- Himmel et al.  A. Himmel, H. Molter, R. Niedermeier, and M. Sorge. Enumerating maximal cliques in temporal graphs. In ASONAM, pages 337–344, 2016.
- Holme and Saramäki  P. Holme and J. Saramäki. Temporal networks. Phys. Rep., 519(3):97–125, 2012.
- Jain and Seshadhri  S. Jain and C. Seshadhri. A fast and provable method for estimating clique counts using Turán’s theorem. In WWW, pages 441–449, 2017.
- Jha et al.  M. Jha, C. Seshadhri, and A. Pinar. A space efficient streaming algorithm for triangle counting using the birthday paradox. In KDD, pages 589–597, 2013.
- Jha et al.  M. Jha, C. Seshadhri, and A. Pinar. Path sampling: A fast and provable method for estimating 4-vertex subgraph counts. In WWW, pages 495–505, 2015.
- Kolda et al.  T. G. Kolda, A. Pinar, and C. Seshadhri. Triadic measures on graphs: The power of wedge sampling. In SDM, pages 10–18, 2013.
- Kosyfaki et al.  C. Kosyfaki, N. Mamoulis, E. Pitoura, and P. Tsaparas. Flow motifs in interaction networks. In EDBT, pages 241–252, 2019.
- Kovanen et al.  L. Kovanen, M. Karsai, K. Kaski, J. Kertész, and J. Saramäki. Temporal motifs in time-dependent networks. J. Stat. Mech.: Theory Exp., 2011(11):P11005, 2011.
- Kumar and Calders  R. Kumar and T. Calders. 2SCENT: an efficient algorithm to enumerate all simple temporal cycles. PVLDB, 11(11):1441–1453, 2018.
- Leskovec and Sosič  J. Leskovec and R. Sosič. SNAP: a general-purpose network analysis and graph-mining library. TIST, 8(1):1:1–1:20, 2016.
- Li et al.  R. Li, J. Su, L. Qin, J. X. Yu, and Q. Dai. Persistent community search in temporal networks. In ICDE, pages 797–808, 2018.
- Lim and Kang  Y. Lim and U. Kang. MASCOT: memory-efficient and accurate sampling for counting local triangles in graph streams. In KDD, pages 685–694, 2015.
- Liu et al.  P. Liu, A. R. Benson, and M. Charikar. Sampling methods for counting temporal motifs. In WSDM, pages 294–302, 2019.
- Mackey et al.  P. Mackey, K. Porterfield, E. Fitzhenry, S. Choudhury, and G. Chin Jr. A chronological edge-driven approach to temporal subgraph isomorphism. In BigData, pages 3972–3979, 2018.
- Milo et al.  R. Milo, S. Shen-Orr, S. Itzkovitz, N. Kashtan, D. Chklovskii, and U. Alon. Network motifs: Simple building blocks of complex networks. Science, 298(5594):824–827, 2002.
- Namaki et al.  M. H. Namaki, Y. Wu, Q. Song, P. Lin, and T. Ge. Discovering graph temporal association rules. In CIKM, pages 1697–1706, 2017.
- Pagh and Tsourakakis  R. Pagh and C. E. Tsourakakis. Colorful triangle counting and a mapreduce implementation. Inf. Process. Lett., 112(7):277–281, 2012.
- Paranjape et al.  A. Paranjape, A. R. Benson, and J. Leskovec. Motifs in temporal networks. In WSDM, pages 601–610, 2017.
- Pavan et al.  A. Pavan, K. Tangwongsan, S. Tirthapura, and K. Wu. Counting and sampling triangles from a graph stream. PVLDB, 6(14):1870–1881, 2013.
- Pinar et al.  A. Pinar, C. Seshadhri, and V. Vishal. ESCAPE: efficiently counting all 5-vertex subgraphs. In WWW, pages 1431–1440, 2017.
- Przulj  N. Przulj. Biological network comparison using graphlet degree distribution. Bioinformatics, 23(2):177–183, 2007.
- Sanei-Mehri et al.  S. Sanei-Mehri, A. E. Sariyüce, and S. Tirthapura. Butterfly counting in bipartite networks. In KDD, pages 2150–2159, 2018.
- Sha et al.  M. Sha, Y. Li, B. He, and K. Tan. Accelerating dynamic graph analytics on GPUs. PVLDB, 11(1):107–120, 2017.
- Tsourakakis et al.  C. E. Tsourakakis, U. Kang, G. L. Miller, and C. Faloutsos. DOULION: counting triangles in massive graphs with a coin. In KDD, pages 837–846, 2009.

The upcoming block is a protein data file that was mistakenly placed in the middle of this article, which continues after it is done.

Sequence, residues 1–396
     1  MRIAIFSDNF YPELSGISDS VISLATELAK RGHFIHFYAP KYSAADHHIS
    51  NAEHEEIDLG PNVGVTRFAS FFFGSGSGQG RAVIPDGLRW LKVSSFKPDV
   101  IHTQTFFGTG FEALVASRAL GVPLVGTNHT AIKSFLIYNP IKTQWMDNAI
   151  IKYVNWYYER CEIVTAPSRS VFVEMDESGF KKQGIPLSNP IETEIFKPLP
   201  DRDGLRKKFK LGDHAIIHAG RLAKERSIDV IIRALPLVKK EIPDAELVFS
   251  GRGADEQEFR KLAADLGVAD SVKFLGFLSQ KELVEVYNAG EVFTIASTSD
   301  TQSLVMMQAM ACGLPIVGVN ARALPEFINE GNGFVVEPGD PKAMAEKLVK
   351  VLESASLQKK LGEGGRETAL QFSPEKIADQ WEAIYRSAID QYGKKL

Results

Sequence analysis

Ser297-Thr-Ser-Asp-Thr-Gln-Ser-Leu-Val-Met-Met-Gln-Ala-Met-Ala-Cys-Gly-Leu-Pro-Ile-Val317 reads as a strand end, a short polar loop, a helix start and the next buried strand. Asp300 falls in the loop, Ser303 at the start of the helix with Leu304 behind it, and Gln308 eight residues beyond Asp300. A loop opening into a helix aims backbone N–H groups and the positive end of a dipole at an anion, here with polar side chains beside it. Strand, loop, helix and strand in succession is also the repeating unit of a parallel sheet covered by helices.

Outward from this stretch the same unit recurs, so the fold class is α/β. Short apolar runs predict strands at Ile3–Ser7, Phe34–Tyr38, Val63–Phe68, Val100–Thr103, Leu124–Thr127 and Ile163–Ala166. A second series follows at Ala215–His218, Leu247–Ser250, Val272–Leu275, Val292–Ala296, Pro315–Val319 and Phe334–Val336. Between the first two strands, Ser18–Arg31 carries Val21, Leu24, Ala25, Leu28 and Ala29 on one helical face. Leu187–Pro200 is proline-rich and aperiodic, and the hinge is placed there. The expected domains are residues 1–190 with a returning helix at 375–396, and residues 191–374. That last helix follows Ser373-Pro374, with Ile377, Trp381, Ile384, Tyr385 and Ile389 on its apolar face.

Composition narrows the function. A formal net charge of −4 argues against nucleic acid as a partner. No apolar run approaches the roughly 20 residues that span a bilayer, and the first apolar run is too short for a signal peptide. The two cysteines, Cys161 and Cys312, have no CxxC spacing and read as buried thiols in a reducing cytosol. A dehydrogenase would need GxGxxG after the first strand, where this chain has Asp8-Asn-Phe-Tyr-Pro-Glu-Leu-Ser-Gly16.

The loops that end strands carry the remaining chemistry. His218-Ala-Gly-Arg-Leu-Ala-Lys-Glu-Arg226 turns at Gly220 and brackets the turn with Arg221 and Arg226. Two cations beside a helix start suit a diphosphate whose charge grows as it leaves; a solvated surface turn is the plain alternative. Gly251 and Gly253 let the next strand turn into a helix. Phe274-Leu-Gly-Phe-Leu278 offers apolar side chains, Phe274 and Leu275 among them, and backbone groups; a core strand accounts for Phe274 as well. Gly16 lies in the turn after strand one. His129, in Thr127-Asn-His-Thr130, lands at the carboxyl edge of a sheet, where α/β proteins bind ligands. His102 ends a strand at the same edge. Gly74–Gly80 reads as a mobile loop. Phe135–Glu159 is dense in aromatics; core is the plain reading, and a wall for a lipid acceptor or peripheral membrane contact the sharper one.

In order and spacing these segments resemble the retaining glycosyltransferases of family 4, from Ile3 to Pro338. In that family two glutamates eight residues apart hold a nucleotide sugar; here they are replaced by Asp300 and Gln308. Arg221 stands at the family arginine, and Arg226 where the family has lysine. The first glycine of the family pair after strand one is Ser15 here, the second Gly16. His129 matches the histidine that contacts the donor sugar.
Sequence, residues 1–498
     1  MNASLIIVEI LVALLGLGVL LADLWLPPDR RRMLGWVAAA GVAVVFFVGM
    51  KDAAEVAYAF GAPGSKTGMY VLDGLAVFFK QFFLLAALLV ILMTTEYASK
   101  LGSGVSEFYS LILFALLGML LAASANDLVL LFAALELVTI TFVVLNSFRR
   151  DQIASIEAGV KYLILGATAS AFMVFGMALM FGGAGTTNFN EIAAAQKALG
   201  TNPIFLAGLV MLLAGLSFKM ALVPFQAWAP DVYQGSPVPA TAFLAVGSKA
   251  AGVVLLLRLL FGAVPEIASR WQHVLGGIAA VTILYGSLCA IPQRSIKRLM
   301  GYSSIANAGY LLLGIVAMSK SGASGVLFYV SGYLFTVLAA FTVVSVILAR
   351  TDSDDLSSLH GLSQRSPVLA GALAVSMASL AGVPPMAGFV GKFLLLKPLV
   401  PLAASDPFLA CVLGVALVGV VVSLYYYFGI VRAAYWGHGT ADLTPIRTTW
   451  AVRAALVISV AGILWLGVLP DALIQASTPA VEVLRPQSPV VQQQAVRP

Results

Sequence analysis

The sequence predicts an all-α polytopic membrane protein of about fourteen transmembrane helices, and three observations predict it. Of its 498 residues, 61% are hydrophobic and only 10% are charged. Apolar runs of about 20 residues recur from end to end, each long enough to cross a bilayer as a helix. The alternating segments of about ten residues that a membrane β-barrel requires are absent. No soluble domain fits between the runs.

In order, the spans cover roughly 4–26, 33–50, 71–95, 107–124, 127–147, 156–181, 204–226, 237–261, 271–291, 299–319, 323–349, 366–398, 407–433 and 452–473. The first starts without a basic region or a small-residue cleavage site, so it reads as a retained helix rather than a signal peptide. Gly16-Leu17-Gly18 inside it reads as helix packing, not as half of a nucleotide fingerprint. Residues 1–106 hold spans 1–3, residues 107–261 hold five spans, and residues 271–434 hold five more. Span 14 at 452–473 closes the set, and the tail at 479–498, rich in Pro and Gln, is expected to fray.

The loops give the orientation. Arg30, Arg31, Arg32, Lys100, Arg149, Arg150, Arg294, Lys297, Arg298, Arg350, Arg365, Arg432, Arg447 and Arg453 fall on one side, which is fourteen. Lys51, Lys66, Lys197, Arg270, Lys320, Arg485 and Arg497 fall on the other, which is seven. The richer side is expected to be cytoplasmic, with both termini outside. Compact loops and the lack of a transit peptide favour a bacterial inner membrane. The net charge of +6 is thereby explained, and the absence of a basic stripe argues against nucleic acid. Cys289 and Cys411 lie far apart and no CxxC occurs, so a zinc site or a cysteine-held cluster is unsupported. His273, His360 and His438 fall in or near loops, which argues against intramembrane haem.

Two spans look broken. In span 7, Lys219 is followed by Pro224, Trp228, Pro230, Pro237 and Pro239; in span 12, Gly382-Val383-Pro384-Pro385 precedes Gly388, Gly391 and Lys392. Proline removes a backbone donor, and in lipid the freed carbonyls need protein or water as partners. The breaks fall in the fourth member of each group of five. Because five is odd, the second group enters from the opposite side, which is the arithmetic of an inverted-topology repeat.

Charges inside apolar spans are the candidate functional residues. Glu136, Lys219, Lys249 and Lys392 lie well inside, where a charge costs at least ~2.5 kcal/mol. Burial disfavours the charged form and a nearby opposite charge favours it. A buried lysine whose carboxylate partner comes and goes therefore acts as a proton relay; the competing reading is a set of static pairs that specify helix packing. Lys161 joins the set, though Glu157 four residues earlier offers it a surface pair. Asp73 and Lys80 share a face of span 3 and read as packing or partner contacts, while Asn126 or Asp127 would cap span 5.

- Turk and Türkoglu  A. Turk and D. Türkoglu. Revisiting wedge sampling for triangle counting. In WWW, pages 1875–1885, 2019.
- Türkoglu and Turk  D. Türkoglu and A. Turk. Edge-based wedge sampling to estimate triangle counts in very large graphs. In ICDM, pages 455–464, 2017.
- Ullmann  J. R. Ullmann. An algorithm for subgraph isomorphism. J. ACM, 23(1):31–42, 1976.
- Uzupyte and Wit  R. Uzupyte and E. C. Wit. Test for triadic closure and triadic protection in temporal relational event data. Social Netw. Analys. Mining, 10, 2020.
- Varshney et al.  L. R. Varshney, B. L. Chen, E. Paniagua, D. H. Hall, and D. B. Chklovskii. Structural properties of the Caenorhabditis elegansneuronal network. PLoS Comput. Biol., 7(2):1–21, 2011.
- Viard et al.  J. Viard, M. Latapy, and C. Magnien. Revealing contact patterns among high-school students using maximal cliques in link streams. In ASONAM, pages 1517–1522, 2015.
- Viard et al.  T. Viard, M. Latapy, and C. Magnien. Computing maximal cliques in link streams. Theor. Comput. Sci., 609:245–252, 2016.
- Wang et al.  P. Wang, J. C. S. Lui, B. F. Ribeiro, D. Towsley, J. Zhao, and X. Guan. Efficiently estimating motif statistics of large networks. TKDD, 9(2):8:1–8:27, 2014.
- Wang et al.  P. Wang, J. C. S. Lui, D. F. Towsley, and J. Zhao. Minfer: A method of inferring motif statistics from sampled edges. In ICDE, pages 1050–1061, 2016.
- Wang et al. [2017a] P. Wang, Y. Qi, Y. Sun, X. Zhang, J. Tao, and X. Guan. Approximately counting triangles in large graph streams including edge duplicates with a fixed memory usage. PVLDB, 11(2):162–175, 2017a.
- Wang et al. [2018a] P. Wang, J. Zhao, X. Zhang, Z. Li, J. Cheng, J. C. S. Lui, D. Towsley, J. Tao, and X. Guan. MOSS-5: a fast method of approximating counts of 5-node graphlets in large graphs. IEEE Trans. Knowl. Data Eng., 30(1):73–86, 2018a.
- Wang et al. [2017b] Y. Wang, Q. Fan, Y. Li, and K. Tan. Real-time influence maximization on dynamic social streams. PVLDB, 10(7):805–816, 2017b.
- Wang et al. [2018b] Y. Wang, Y. Li, J. Fan, and K. Tan. Location-aware influence maximization over dynamic social streams. ACM Trans. Inf. Syst., 36(4):43:1–43:35, 2018b.
- Wang et al.  Y. Wang, Y. Li, and K. Tan. Semantic and influence aware k-representative queries over social streams. In EDBT, pages 181–192, 2019.
- Wu et al.  B. Wu, K. Yi, and Z. Li. Counting triangles in large graphs by random sampling. IEEE Trans. Knowl. Data Eng., 28(8):2013–2026, 2016.
- Zhao et al.  Q. Zhao, Y. Tian, Q. He, N. Oliver, R. Jin, and W. Lee. Communication motifs: a tool to characterize social communications. In CIKM, pages 1645–1648, 2010.